The Instigator
Huitt85
Pro (for)
Tied
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The Contender
brianjustin3709
Con (against)
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0 Points

The United States federal government should substantially curtail its domestic surveillance.

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Voting Style: Open Point System: 7 Point
Started: 7/16/2015 Category: Politics
Updated: 2 years ago Status: Post Voting Period
Viewed: 1,105 times Debate No: 77765
Debate Rounds (3)
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Huitt85

Pro

Privacy/totalitarianism. There are many different ways to understand "privacy," an idea originally articulated by Samuel D. Warren and Louis D. Brandeis in 1890[1]. These include the right to be left alone, the right to be secure in one"s person, the right to have certain information about one kept secret, the right to to associate with who one wishes without interference[2].

The threat to privacy from any type of surveillance is significant because it involves monitoring of individuals. In many instances, people expect what is being monitored to otherwise be private.

Mass surveillance is especially intrusive. The continuous and indiscriminate surveillance they accomplish is damaging because it violates reasonable expectations of quantitative privacy, by which we mean privacy interests in large aggregations of information that are independent from particular interests.

Therefore, If we cease the surveillance, our government will be in ruins. We wouldn't know how to handle ourselves, hence the reason you should vote for the affirmative.
brianjustin3709

Con

Decision from Senate majority leader to vote on NSA reform appears to clear way for passage of bill that would curb bulk collection of Americans" phone records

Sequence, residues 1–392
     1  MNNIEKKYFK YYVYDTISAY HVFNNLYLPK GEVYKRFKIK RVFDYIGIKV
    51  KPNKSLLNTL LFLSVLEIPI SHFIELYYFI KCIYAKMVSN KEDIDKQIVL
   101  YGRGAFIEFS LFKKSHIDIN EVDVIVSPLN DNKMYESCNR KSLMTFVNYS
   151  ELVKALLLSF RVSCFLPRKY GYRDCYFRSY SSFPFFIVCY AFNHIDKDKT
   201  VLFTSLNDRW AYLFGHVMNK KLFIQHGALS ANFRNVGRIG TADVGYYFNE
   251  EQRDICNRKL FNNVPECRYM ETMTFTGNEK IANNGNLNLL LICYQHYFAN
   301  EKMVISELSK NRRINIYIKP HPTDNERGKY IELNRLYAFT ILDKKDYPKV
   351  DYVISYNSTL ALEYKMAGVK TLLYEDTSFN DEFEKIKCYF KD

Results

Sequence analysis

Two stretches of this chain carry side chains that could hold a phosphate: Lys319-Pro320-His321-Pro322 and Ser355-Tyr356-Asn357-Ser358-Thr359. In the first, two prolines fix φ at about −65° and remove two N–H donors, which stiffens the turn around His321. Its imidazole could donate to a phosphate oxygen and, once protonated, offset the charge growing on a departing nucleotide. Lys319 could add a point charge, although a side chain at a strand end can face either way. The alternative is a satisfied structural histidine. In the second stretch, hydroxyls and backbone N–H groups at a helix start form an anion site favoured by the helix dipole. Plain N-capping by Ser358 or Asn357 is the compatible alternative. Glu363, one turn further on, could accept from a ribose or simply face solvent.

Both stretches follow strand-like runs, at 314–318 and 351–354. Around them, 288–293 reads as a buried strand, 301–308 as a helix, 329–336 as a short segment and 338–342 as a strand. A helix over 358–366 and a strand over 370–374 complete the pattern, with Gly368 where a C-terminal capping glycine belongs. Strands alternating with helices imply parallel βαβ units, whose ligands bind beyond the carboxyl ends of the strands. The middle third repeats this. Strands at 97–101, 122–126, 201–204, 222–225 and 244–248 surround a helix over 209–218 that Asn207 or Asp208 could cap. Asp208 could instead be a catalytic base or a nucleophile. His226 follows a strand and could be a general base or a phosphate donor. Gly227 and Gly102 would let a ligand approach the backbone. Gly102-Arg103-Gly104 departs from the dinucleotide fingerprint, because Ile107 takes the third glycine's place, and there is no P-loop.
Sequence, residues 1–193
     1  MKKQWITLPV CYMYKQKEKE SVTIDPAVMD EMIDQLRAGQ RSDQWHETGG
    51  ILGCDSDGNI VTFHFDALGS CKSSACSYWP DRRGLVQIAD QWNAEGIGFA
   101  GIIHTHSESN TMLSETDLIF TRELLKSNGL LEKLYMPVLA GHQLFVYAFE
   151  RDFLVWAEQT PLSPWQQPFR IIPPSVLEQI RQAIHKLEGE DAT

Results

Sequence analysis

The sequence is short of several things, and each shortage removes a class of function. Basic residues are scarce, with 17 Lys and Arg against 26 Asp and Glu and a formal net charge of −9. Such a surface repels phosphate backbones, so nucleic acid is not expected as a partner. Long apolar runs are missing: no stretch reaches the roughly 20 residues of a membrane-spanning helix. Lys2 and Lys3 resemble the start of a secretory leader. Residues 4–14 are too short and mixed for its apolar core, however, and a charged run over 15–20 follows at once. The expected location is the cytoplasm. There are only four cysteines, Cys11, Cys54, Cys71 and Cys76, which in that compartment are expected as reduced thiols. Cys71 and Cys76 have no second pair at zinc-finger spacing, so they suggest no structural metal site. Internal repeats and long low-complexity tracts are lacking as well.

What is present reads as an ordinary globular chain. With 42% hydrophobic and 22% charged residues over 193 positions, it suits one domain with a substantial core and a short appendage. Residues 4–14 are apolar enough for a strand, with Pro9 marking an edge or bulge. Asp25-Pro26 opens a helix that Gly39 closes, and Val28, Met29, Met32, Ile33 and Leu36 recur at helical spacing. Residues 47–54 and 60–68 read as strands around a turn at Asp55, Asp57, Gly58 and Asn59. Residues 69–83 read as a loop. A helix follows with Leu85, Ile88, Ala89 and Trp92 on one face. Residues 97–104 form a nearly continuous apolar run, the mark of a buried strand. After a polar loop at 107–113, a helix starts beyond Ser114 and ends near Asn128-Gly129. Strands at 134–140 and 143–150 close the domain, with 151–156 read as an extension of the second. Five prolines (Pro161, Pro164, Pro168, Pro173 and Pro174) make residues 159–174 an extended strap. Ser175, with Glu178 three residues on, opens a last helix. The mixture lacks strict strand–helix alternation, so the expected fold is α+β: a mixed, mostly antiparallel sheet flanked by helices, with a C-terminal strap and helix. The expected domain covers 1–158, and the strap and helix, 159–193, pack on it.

Under the reform, the NSA would still be able to acquire thousands of call records based on a single court order. Photograph: Patrick Semansky/AP
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Limitations on wholesale reform
Many privacy groups lament that the legislation McConnell has now agreed to move to the Senate floor provides an insufficient response to two years" worth of outrage over widespread US surveillance. The US government has long held up section 215 of the Patriot Act to justify the dragnet collection of American phone records, but the first program was first revealed last June by the Guardian based on documents obtained from Snowden.
The bipartisan architects of the USA Freedom Act in the House of Representatives have for months predicted boxing surveillance advocates into the untenable position in which McConnell found himself: under the pressure of a wholesale loss of a Patriot Act provision beloved by the FBI but without the votes to reauthorize the provision unless they sacrificed the NSA"s daily collection of millions of US phone records.Since the House voted overwhelmingly last week to pass the USA Freedom Act, opposition mounted to McConnell"s preferred alternative of an unabridged reauthorization of what is known as the Patriot Act"s Section 215. McConnell lacked the votes for a two-month extension of Section 215 in the Senate and the House considered it a nonstarter. New polls showed broad and deep bipartisan antipathy to broad government surveillance.Yet the USA Freedom Act only bars the use of section 215 for collecting US phone data in bulk. Other domestic surveillance authorities, including the DEA"s recently disclosed bulk phone records collection, would remain untouched, as would the NSA and FBI"s ability to search without a warrant through its bulk of internet content and metadata for Americans" communication
Debate Round No. 1
Huitt85

Pro

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brianjustin3709

Con

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Debate Round No. 2
Huitt85

Pro

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brianjustin3709

Con

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Debate Round No. 3
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